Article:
The medical industry is seeing increased scrutiny for both safety and security in devices. Cyber security is becoming a must-have feature. Fortunately, there is significant overlap between the practices for safety and security, and it is vital to understand both the similarities and differences between the two principles.
Andrew Caples, Senior Product Manager, Embedded Systems Division (ESD), Mentor Graphics
At a time when device software is becoming more vital and complex, medical device manufacturers see increasing scrutiny over the safety and security of these devices. Safety standards such as IEC 62304 provide regulatory guidance that is followed by both device manufactures and COTS software suppliers.
However, safety standards have little to tell us about security.
Cyber security is now an important consideration that must be met by device manufacturers. Regulatory agencies are demanding device manufacturers secure and protect medical systems and patients from cyber attacks. And even though regulatory guidance is available, the recommendations do not specify the process or implementation required to improve security.
Fortunately, there is significant overlap between the development practices for both safety and security.
Standards for safety
From a software perspective, safety is based on defining and adhering to rigid processes through the complete development life cycle. Many industries have such well-defined safety standards, for example, DO-178C for airborne systems.
Although each standard differs in particulars, each shares a common thread in defining a similar safety development lifecycle, which serves as a framework to meet regulatory approval. The standards provide guidance for safety development that defines both the concept and the scope for each development phase. However, the standards do not define specifically how development will be done or which documents are required. By leaving this to the individual manufacturer, the standard allows the development of a tailored process that helps developers work as efficiently as possible while still mandating that complete information is available at the end.
As an example, for medical devices adhering to IEC 62304, the Software Life Cycle Plan (SLCP) is a plan for the development, test, and support of the safety software. Because of the scope of the SLCP, it can be a standalone plan that covers all development phases. Or, it can be supported with detailed plans for each phase for which the aggregation of all the plans meets the requirements for the standard. Thus, the SLCP can be supported by the Software Development Plan (SDP), Software Quality Assurance Plan (SQAP), Software Configuration Management Plan (SCMP), Software Verification Plan (SVP), and other plans.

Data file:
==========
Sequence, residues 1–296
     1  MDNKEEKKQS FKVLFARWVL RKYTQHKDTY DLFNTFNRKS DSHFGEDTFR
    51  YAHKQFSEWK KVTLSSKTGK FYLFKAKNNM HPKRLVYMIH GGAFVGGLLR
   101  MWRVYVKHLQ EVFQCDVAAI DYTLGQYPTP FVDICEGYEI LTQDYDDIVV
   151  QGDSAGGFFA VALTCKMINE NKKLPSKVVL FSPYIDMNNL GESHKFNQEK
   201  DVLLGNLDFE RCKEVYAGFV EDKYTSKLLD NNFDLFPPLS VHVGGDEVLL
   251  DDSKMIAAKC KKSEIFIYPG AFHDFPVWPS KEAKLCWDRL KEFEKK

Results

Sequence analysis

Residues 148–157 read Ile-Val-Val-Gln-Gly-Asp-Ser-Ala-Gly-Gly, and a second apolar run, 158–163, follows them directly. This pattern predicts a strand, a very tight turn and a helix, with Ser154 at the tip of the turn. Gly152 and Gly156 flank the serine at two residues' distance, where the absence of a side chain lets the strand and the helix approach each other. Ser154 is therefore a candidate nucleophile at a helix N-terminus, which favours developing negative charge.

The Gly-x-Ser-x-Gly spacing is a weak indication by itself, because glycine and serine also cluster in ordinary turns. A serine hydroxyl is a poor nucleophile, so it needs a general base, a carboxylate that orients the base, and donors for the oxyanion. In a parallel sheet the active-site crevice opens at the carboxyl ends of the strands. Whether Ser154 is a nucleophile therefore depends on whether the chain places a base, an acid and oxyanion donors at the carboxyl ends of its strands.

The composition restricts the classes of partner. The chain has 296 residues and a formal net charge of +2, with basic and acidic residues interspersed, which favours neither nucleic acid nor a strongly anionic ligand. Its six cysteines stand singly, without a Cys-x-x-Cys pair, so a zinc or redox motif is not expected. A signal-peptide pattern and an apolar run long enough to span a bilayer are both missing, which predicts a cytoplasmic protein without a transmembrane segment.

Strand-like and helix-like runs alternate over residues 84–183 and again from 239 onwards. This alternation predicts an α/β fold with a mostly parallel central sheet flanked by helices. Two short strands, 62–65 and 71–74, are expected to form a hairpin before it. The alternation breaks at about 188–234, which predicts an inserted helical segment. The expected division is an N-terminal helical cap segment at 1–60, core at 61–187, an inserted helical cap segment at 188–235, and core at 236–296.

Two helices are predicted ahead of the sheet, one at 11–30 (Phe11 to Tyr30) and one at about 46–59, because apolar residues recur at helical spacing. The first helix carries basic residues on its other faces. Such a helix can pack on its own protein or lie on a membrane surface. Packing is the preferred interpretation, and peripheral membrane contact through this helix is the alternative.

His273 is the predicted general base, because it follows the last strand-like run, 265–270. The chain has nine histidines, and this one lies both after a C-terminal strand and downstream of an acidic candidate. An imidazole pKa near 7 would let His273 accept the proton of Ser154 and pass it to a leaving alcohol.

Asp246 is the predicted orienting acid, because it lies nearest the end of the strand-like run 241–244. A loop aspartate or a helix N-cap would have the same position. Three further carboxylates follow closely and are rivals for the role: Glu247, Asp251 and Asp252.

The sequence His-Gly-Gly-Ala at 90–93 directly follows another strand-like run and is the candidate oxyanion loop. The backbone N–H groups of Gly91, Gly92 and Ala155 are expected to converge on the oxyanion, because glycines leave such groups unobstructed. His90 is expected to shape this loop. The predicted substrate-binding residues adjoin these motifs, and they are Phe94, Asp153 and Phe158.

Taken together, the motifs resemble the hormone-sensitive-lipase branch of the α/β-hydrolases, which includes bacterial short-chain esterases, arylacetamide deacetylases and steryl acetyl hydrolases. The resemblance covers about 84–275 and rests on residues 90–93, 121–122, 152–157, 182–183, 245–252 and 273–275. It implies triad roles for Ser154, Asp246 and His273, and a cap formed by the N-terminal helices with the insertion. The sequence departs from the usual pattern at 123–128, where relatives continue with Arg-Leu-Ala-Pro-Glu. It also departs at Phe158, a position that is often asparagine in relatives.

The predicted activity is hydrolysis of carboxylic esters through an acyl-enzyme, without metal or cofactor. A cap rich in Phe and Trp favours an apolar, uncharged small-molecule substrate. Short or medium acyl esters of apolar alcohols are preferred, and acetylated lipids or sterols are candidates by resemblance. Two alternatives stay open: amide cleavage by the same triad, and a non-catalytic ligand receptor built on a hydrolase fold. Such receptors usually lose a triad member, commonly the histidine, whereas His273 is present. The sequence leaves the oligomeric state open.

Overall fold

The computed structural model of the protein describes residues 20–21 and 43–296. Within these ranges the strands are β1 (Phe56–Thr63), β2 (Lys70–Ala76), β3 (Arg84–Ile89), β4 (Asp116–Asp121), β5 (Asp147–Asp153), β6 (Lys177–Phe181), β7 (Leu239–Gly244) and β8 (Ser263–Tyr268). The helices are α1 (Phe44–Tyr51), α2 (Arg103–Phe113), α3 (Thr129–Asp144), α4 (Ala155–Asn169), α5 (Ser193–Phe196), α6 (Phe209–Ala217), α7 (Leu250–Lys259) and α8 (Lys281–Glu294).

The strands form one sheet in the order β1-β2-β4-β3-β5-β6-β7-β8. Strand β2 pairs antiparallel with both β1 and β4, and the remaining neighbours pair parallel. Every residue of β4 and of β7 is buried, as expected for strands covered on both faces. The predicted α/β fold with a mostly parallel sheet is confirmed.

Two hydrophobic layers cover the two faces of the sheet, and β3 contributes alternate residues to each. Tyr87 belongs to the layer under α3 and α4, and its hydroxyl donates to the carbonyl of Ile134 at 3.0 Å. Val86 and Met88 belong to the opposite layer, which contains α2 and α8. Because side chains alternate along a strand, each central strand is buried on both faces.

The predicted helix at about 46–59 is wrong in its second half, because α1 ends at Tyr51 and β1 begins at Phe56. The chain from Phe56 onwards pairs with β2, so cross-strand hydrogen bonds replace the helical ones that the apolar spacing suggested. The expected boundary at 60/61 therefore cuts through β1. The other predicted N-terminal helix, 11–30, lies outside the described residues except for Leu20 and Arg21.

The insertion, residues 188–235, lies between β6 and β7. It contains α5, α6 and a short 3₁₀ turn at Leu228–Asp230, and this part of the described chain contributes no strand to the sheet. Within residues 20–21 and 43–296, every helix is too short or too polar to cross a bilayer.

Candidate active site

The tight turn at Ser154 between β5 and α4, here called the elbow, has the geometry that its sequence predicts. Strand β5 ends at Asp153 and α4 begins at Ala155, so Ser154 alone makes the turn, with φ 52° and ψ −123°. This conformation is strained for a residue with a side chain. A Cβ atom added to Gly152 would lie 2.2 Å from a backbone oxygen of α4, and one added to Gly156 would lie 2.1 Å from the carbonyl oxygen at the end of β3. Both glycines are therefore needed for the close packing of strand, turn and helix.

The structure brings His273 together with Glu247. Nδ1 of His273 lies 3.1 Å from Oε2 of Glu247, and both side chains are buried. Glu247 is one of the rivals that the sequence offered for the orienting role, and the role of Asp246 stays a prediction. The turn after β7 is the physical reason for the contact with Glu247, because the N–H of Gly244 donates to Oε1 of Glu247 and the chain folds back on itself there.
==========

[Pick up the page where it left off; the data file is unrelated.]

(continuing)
Hazard and risk management
However, safety is not necessarily a byproduct of good planning and sound development; it also involves proactively managing hazards and the associated risk. A model is required to assess hazards to introduce mitigation solutions. Therefore, a model for a Safety Development Process should include the following:
Hazard Analysis => Risk Assessment => Damage Assessment => Device Classification => Risk Mitigation
Various tools and standards can guide developers for each phase. For example, a Fault Tree Analysis (FTA) can be used for hazard analysis. The FTA analytical approach helps identify each hazard and trace its lineage to the root cause. The process for FTA is to define each hazard and list the preceding events that can lead to the identified outcome. By capturing each event in a systematic manner, a fault tree can be built for each hazardous event in a hierarchal manner starting from the root cause.
A process for medical risk management is well defined in ISO 14971. Risk management is required to determine the level of risk considered acceptable. Plus, it aids the understanding of how well risk mitigation techniques work.
Risk is the combination of the probability of an occurrence of harm and severity of that harm while hazard is the potential cause of the harm.
Risk = Function [Probability (harm), Severity]
One way to think of this is that a hazard can be detected before it causes harm; however, detecting harm means a hazard has already occurred. Risk analysis is the systematic use of available information to identify hazards, the severity of harm, and estimate the associated risk. The goal is to manage or mitigate risk to reduce risk to tolerable levels since total risk elimination is not achievable.
To reduce risk, protective measures can be taken that span the spectrum from documenting potential hazards, to software redesigns or adding warning lights.
There is no predetermined level of risk that is acceptable, and there is no equation or regulatory guidance for acceptable risk. This decision is somewhat subjective, but must take into consideration the potential hazard and harm that can result.
Once the hazard and risk analysis are completed, the device can be classified based on the severity of the potential harm using industry specific methodology.
For medical devices, the IEC 62304 standard provides the following Software Safety Classifications:
- Class A: No injury or damage to health is possible
- Class B: Non-serious injury is possible
- Class C: Death or serious injury is possible